Big Bend National Park Captures Raw Beauty
Pockets Of Isolation Make This A Camping Favorite
From a primitive hot spring to 200 miles of hiking trails, the Big Bend National Park captures the raw beauty of west Texas surrounded by breathtaking Rio Grande beauty. Here in the Lone Star state, where “where everything is bigger,” this national park heaps on nature, recreation and history for big-time family fun, earning it a spot on Fleetwood’s favorite national parks list.
“There’s a vastness here, and I believe that the people who are born here breathe that vastness into their soul.” – Hotelier Conrad Hilton
Rising nearly a mile above the desert floor of Texas, the park’s solitary Chisos Mountains create a stunning landscape for orange-tinged sunsets, and with more than 100 miles of paved roads, 150 miles of dirt roads and 200 miles of hiking trails, visitors can enjoy the vista with plenty of isolation to go around. Did we mention, the Rio Grande River borders the park for 118 miles?
In fact, this destination is so serene — and varied — migrating birds take refuge in Big Bend National Park. According to the National Parks Service, northern species migrate here for the warm winter climate, while birds from the tropics range this far north to breed in the spring. Meanwhile, the Colima warbler is found exclusively in the United States in the Chisos Mountains from April to September. And if birds don’t catch your interest, watch for foxes, roadrunners, javelinas, black bears and even mountain lions – though hopefully from a distance.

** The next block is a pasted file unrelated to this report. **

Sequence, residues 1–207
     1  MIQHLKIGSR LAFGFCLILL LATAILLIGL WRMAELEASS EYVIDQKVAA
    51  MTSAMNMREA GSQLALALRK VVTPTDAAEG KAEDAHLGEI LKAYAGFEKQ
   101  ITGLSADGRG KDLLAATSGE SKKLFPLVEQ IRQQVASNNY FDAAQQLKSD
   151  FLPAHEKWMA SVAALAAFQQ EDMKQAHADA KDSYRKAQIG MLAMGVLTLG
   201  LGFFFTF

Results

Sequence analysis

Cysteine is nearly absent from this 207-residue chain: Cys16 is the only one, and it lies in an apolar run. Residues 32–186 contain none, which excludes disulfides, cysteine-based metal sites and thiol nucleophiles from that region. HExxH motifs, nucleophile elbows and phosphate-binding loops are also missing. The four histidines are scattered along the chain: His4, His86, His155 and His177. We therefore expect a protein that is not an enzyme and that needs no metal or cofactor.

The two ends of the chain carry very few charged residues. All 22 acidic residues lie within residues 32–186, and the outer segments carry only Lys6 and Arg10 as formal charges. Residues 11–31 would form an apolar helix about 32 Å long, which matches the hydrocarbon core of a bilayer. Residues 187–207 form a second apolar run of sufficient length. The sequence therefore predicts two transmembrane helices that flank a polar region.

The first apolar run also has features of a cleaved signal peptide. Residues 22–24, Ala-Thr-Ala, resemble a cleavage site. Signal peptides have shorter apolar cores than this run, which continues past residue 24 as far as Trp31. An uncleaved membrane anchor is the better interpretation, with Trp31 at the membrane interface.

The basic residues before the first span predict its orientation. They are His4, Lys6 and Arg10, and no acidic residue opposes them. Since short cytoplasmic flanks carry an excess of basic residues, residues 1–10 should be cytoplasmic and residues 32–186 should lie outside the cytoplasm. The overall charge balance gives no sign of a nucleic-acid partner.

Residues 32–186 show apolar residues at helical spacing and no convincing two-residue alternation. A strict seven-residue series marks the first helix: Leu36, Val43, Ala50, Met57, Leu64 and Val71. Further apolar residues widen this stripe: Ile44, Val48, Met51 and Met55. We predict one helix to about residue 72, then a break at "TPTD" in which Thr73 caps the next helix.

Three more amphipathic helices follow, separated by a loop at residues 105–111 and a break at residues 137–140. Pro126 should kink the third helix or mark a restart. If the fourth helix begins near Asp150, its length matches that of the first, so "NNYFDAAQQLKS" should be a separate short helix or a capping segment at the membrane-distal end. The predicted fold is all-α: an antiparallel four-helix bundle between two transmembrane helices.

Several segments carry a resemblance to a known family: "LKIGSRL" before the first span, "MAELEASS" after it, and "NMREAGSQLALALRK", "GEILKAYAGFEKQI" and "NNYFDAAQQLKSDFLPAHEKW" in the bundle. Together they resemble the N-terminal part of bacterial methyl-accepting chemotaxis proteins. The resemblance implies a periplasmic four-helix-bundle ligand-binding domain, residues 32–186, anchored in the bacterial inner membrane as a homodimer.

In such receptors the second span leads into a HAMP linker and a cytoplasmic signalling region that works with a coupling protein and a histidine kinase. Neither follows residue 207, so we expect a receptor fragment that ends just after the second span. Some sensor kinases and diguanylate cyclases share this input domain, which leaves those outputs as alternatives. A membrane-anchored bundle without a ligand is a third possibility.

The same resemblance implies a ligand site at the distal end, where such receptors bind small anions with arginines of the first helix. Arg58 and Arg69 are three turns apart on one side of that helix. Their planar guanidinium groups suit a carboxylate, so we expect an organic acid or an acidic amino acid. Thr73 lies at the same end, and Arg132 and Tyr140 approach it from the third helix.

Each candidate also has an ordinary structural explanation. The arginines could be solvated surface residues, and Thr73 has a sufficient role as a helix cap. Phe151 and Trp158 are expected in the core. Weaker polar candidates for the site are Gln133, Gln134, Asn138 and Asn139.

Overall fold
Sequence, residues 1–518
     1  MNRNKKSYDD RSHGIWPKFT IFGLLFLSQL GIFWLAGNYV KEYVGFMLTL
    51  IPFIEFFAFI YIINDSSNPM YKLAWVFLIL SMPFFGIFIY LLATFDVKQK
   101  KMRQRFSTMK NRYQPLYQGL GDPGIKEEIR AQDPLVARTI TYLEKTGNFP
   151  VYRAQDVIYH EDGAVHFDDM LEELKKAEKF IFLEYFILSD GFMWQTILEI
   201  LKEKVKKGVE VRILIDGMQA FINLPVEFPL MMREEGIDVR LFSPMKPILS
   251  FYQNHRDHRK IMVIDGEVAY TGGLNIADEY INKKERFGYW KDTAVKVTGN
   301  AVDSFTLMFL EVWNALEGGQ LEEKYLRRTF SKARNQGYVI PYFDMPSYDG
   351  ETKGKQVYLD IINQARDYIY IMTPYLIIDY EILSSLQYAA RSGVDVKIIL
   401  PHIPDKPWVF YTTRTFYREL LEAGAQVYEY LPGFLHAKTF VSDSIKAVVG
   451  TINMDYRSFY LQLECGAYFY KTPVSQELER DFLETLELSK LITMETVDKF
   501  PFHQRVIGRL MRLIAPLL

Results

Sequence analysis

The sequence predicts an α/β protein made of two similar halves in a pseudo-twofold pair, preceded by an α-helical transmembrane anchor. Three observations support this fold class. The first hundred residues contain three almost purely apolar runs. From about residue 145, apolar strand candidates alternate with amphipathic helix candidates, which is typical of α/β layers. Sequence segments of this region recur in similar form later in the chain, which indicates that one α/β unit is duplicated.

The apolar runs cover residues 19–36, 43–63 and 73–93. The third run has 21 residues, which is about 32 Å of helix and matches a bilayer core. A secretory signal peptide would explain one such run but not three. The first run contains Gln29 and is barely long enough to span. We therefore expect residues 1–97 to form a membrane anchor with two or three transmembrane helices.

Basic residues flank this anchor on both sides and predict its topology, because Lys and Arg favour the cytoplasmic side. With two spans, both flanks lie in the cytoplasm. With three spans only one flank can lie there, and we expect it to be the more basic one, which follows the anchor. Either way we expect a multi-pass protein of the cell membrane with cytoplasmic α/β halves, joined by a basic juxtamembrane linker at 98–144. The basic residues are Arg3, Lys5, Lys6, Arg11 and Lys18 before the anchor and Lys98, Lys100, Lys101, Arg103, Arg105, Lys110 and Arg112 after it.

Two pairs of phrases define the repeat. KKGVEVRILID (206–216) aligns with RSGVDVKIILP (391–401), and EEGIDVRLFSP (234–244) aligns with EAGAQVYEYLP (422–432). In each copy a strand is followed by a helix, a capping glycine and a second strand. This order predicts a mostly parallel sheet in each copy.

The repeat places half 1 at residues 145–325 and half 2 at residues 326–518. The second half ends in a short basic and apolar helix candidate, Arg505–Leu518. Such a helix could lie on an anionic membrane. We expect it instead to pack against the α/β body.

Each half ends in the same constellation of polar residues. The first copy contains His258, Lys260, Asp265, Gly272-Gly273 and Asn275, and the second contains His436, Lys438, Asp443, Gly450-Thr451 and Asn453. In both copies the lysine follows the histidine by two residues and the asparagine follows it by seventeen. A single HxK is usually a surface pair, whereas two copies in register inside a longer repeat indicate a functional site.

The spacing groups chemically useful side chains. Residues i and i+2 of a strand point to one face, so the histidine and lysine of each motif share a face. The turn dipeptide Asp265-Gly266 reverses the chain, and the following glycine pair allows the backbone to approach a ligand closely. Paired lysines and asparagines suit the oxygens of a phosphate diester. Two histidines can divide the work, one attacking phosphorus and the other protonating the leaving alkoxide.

BIG BEND NATIONAL PARK RV CAMPING
Set in a large grove of cottonwoods adjacent to the Rio Grande River, the Rio Grande Village allows motorhomes up to 40 feet, and 25 of the concession-operated RV sites provide full hookups, paved lots and grassy, tree-lined edges. For reservations, call 1-877-386-4383 or 432-477-2293. Visitors can also stay at Cottonwood Campground, a shady retreat between the Castolon Historic District and the Santa Elena Canyon, but these sites don’t offer hookups. The Chisos Basin Campground, though convenient to the most popular trails, is not recommended for motorhomes because this campground is only accessible by narrow, windy roads.